A Brief History of Bonshaw

          (told by an old beaver)


“Well now, I imagine that the ancient world was an interesting place, all right, but we must begin our story with what we really know about our own backyard.  Following eons of volcanoes and smoke, rain and ash, and the continents just sliding around generally, the oceans filled with life of every shape and size.  Our home, Abegweit, is the newest land of the whole beaver world, and was formed only a few tens of thousands of years ago.”


“Now don’t you believe it just rose from nothing, no indeed.  We think Abegweit was slowly built from the accumulated debrís of glaciers, at the end of last great ice age.  As the mountains of frozen water pulled back to the land of white whales and the ice bears, it left the scrapings of sand and rock from New England in a lowland, which rose as the ice retreated.  It may also be that part of our red loam was a huge, broad delta, formed from the rivers which back then were flowing north out of New Brunswick, washing the Appalachian mountains sand grain by sand grain, far out into the inland sea that today is called the Gulf of St. Lawrence.


“At that time, young kit, much depended on your own forebears, the proud and glossy giants of our race, for

they had much to do in building the arboreal forest of the new world.  Before them, the glacier meltwaters ran together unchecked, forming huge and frightening rivers which were uncontrolled, and raced to the ocean’s shore without eddy or meander, carrying away all manner of soil and minerals, including that which would be our own Bonshaw.  Oh yes, they had their work cut out for them, your ancestors (Castoroides ohioensis).  But they, being the size of a moderate bear, with the most beautiful shining teeth as long as your tail, they were up to the task.  They built the first dams which slowed the raging rivers, calmed the torrents, and allowed the mature riparian landscape to flourish.  Och aye, they were known far and wide as the hardest workers of the woods even then, ceaselessly gnawing, dragging, building, and packing the mud into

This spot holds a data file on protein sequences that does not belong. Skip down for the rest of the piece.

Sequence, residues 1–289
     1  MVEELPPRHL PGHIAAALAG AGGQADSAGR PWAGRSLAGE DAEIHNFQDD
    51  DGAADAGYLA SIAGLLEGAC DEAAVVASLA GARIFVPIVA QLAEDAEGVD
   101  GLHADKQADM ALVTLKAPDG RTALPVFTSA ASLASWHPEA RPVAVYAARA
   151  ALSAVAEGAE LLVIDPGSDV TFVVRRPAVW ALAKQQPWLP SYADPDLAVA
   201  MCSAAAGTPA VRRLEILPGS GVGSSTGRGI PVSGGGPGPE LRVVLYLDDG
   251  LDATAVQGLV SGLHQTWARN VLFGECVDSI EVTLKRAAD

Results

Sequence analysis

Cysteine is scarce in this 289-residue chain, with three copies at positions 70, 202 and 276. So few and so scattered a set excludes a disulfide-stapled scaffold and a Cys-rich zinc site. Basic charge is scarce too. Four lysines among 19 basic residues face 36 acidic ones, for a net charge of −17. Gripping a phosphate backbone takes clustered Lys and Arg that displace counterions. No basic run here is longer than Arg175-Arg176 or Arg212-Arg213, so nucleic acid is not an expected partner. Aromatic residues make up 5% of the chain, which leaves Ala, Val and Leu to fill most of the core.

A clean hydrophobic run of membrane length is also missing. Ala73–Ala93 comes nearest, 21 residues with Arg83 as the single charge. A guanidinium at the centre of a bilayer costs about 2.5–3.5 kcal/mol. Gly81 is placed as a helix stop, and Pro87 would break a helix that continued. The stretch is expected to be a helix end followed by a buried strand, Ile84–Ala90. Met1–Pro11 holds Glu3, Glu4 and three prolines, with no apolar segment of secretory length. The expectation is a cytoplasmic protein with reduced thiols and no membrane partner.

the greatest dams ever known.  They were, in a word, busy.”

“And as they worked without rest to tame the waters and help every form of woodland life to flourish, one day there came a new kind of life.  Walking on two legs in a most unnatural and comical way . . .”

“People, Gran!  Those were people!  I saw one, I know I did!  I saw one last full moon!  It was huge!  It made noises!  It smelled awful!”


“Aye, no doubt you did.  The very picture of them, I daresay.  They seem to cover the land now, almost, and ‘tis all an honest slaptail can do to build a lodge without they come in vasty, bellowing, yellow machines to build their roads and forget to set the culverts deep enough for our friends the salmon to swim through.”

"But to return to our home, it was in the midst of what people called Lot 30, given by George III, King of the
Britons, in 1767, to John Murray of Scotland for the purpose of human increase and industry.  It was before the time of the fabled Great Dam on our own West river, built by your own ancestors ‘Bravetooth’ and ‘Lionjaw,’ who worked so hard to tame the waters of doom every Springtime, and which roared through our valleys and reddened the strait to the South.  But with our help, the people, smelly though they were, built shipyards, the grist mills, and the stores of the community of Bonshaw.  They worked almost as hard as we, and by 1880 their village grew to a town of repute, and of great attraction to the people of the city we called End of Three Rivers. On Sundays the city folk would dress in their finest, and would come upstream in their boats to see...


“Why Gran?!  Why did they come in boats? Why?”